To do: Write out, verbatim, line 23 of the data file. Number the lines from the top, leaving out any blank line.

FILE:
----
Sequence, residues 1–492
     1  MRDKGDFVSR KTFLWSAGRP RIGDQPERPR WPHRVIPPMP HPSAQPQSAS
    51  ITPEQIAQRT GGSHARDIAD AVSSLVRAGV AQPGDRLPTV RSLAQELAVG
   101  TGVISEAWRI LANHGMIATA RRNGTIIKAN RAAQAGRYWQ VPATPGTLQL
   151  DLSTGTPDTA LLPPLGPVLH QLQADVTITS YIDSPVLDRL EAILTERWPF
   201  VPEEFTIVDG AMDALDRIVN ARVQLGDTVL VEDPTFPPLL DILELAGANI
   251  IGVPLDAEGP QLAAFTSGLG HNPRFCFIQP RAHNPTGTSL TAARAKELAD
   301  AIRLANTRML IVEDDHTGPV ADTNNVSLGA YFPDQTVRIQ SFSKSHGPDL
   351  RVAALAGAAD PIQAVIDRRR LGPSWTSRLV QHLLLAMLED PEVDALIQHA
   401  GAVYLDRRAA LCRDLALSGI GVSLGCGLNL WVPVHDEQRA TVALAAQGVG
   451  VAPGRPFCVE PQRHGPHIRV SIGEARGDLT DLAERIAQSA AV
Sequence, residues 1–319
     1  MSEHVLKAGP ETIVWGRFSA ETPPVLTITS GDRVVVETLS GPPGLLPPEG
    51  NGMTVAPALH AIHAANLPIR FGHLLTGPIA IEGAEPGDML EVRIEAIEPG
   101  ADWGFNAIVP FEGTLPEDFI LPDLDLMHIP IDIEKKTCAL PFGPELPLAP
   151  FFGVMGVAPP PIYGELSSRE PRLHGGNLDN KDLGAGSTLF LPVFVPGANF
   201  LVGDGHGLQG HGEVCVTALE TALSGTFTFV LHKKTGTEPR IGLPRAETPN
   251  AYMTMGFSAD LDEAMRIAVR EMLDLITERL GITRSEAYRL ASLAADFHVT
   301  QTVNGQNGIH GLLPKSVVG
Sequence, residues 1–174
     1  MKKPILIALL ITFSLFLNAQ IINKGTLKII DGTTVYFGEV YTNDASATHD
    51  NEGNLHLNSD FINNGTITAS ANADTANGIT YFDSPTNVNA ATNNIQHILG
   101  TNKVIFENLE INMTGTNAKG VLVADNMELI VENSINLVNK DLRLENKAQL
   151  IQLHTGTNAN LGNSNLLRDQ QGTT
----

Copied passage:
   101  TNKVIFENLE INMTGTNAKG VLVADNMELI VENSINLVNK DLRLENKAQL